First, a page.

The Byzantine army at Yarmuk, according to Al-Baladhuri, was a multi-ethnic force, comprising Greeks, Syrians, Armenians, and Mesopotamians. While the exact composition of the army is impossible to tell, it is thought that at only one-third of the Byzantine soldiers were peasants from Anatolia with the remaining two-thirds of the army’s ranks were primarily being filled by Armenians, as well as Arab-Ghassanid cavalry.
Multiple factors affected the outcome of the Battle of Yarmuk, most of which were beyond Heraclius’ control. It is important to note that Heraclius, while he personally commanded the Byzantine army in its campaigns against the Persians, remained at Antioch and delegated command to Theodore the Sakellarios and the Armenian prince, Vartan Mamikonian.
This, however, was likely unavoidable. Herculius, who by the 630s was an increasingly ill man suffering from hydrophobia and possibly cancer, was simply too frail to go on campaign with his army. Nevertheless, the lack of effective and coordinated leadership in the Byzantine army, coupled with the superb generalship of Khalid Ibn al-Walid was a likely factor in outcome of the battle.
The skill of the Arab cavalry, particularly the horse archers, also gave the Arab army a distinct advantage in terms of their ability to outmaneuver their Byzantine counterparts. The delay between May and August was disastrous for two reasons; first it provided the Arabs with an invaluable respite to regroup and gather reinforcements. Second, the delay wreaked havoc on the overall moral and discipline of the Byzantine troops; the Armenian contingents in particular grew increasingly agitated and mutinous.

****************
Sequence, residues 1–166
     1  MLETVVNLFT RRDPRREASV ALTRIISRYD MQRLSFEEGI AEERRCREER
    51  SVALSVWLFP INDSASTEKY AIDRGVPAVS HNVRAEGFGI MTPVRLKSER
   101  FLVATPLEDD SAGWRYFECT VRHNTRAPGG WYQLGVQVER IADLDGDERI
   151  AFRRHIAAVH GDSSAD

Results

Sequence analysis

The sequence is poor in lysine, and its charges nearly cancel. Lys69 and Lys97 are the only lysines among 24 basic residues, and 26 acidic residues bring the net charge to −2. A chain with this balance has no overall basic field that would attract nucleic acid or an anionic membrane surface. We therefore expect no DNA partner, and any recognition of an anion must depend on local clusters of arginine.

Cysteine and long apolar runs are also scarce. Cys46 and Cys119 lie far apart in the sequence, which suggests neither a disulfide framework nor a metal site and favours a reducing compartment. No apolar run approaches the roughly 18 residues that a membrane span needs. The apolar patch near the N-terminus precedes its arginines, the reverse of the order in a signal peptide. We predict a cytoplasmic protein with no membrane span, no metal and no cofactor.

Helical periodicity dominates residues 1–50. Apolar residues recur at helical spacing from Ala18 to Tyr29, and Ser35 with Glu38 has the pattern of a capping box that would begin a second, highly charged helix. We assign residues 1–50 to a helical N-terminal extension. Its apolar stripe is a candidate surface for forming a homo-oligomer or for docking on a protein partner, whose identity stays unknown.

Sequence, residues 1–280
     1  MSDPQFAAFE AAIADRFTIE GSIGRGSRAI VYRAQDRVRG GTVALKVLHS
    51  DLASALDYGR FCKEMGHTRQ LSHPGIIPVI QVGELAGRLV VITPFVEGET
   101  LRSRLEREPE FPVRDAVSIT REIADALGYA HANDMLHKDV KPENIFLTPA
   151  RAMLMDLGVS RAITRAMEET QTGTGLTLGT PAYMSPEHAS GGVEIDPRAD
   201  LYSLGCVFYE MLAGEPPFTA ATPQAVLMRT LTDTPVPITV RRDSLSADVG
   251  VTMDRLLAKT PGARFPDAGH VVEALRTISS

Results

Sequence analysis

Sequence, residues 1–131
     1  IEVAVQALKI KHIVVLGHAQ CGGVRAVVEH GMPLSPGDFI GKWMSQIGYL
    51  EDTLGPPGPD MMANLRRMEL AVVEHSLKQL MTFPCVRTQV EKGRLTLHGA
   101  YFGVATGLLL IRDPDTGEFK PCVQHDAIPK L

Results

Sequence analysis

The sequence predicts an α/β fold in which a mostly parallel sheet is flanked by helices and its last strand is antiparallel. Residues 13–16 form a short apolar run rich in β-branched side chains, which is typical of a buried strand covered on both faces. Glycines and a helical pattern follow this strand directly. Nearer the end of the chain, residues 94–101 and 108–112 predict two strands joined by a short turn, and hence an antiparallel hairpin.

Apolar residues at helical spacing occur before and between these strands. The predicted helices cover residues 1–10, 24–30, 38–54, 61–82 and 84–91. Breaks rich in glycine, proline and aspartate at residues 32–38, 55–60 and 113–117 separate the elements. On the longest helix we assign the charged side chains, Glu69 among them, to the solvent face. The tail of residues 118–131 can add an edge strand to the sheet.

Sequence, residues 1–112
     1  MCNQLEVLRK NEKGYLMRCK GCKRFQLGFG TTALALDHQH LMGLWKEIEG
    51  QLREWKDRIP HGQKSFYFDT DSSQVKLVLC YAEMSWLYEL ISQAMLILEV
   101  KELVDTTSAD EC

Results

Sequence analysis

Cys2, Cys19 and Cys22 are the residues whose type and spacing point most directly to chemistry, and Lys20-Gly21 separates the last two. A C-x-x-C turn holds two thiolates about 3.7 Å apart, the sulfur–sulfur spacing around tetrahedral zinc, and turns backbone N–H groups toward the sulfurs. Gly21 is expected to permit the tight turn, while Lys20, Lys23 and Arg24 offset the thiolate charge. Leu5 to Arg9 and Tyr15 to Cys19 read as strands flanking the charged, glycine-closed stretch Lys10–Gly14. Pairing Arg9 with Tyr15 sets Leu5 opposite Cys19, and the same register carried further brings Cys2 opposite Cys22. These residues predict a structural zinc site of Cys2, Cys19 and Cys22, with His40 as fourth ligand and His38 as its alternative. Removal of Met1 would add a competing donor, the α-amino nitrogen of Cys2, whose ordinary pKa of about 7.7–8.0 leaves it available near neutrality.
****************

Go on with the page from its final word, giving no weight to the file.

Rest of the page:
During the battle itself the Armenians seemed to have refused to support the Byzantine troops when they attacked, while the Ghassanid-Arabs remained largely passive towards their fellow Arabs. Why the Byzantines waited so long to give battle remains unclear, but what is beyond doubt is that the delay practically doomed the Byzantines military position as it lay idle on the Yarmuk river.
The legacy of the Battle of Yarmuk was both far reaching and profound. First, and most immediately, the defeat at Yarmuk led to the permanent loss of the entire Byzantine East (Syria, Palestine, Mesopotamia, and Egypt), which seriously undermined the Byzantine Empire’s fiscal and military capabilities.
Second, the Arab invasions were perceived by many in Byzantine society as divine retribution for their lack of piety, idolatrous behaviour, and the Emperor’s incestuous marriage to Martina.These and subsequent defeats at the hands of the Muslims provided one of the origins for the Iconoclast crisis which would erupt to the early 8th century.
Third, the battle also stimulated a change in military tactics and strategy on the part of the Byzantines. Having failed to defeat the Muslim armies in open battle, the Byzantine army withdrew to form a defensive line along the Taurus and Anti-Taurus mountain ranges. The Byzantines were in fact no longer in any position to take the offensive to reconquer their lost possessions in the Levant and Egypt, and would primarily focus on defending their remaining territory in Anatolia.